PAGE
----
The Status of The Sumatran Tiger Population and Habitat: lessons and Solutions from Sumatra

Wibisono H. T., and W. Pusparini. 2010
In: Global Tiger Initiative Secretariat. 2012. Managing Tiger Conservation Landscapes and Habitat Connectivity: Threats and Possible Solutions. Experiences from Bangladesh, India, Indonesia, Malaysia, Myanmar, Nepal, Thailand, and Vietnam. The World Bank, Washington, D. C., pp. 14-29


The majority of wild Sumatran tigers persist in 12 Tiger Conservation Landscapes (TCLs) covering approximately 88,000 km² (Sanderson et al. 2006). Despite these large areas of forest, an increase in the rate of habitat fragmentation and loss in recent years threatens the integrity of these landscapes. In addition, continued demand for tiger body parts (Nowell 2000), non-selective ungulate snares, authorized removal of problem tigers (Seidensticker et al. 1999), and retaliatory killing of tigers due to conflict with villagers are the main factors depleting the Sumatran tiger population (Sheppart & Magnus 2004). Strict protection of tiger core areas along with the conservation and restoration of connectivity among TCLs are believed to be the key strategies to conserve tigers and their ecosystem (Walston et al. 2010, Wikramanayake et al. 2011). The Indonesian National Tiger Recovery Program (NTRP) lists three key strategies to double the population of Sumatran tigers by 2022: strengthen law enforcement, implement science-based adaptive management, and improve the legal basis of priority tiger landscapes outside of protected areas (PAs).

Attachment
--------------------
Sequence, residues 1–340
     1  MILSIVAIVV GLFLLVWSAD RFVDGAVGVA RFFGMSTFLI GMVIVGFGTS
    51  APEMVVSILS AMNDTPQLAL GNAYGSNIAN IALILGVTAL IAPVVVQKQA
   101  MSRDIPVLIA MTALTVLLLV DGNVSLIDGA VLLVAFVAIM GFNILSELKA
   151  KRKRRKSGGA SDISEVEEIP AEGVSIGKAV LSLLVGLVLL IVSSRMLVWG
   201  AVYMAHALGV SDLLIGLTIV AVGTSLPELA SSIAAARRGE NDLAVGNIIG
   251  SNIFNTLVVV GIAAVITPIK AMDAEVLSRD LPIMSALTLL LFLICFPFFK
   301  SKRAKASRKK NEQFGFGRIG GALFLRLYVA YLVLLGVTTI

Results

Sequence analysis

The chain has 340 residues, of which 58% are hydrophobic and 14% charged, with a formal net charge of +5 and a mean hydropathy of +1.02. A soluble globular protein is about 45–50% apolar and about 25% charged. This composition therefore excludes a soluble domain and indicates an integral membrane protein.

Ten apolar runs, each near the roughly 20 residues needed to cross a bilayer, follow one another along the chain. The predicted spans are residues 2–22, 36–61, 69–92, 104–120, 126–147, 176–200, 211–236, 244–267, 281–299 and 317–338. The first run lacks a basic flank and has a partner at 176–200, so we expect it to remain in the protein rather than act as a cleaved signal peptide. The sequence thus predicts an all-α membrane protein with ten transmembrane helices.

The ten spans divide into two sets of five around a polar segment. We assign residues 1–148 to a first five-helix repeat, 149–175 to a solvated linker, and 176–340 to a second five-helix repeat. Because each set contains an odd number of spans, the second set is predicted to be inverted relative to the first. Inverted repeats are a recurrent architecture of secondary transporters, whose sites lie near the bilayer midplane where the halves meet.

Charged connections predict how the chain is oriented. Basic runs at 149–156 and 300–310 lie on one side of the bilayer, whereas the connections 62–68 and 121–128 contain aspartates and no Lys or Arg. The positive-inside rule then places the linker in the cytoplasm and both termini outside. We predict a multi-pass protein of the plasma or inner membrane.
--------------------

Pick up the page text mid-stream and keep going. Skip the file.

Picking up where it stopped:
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Photo by Balai KSDA Sumatera Barat, SINTAS Indonesia and San Diego Zoo Global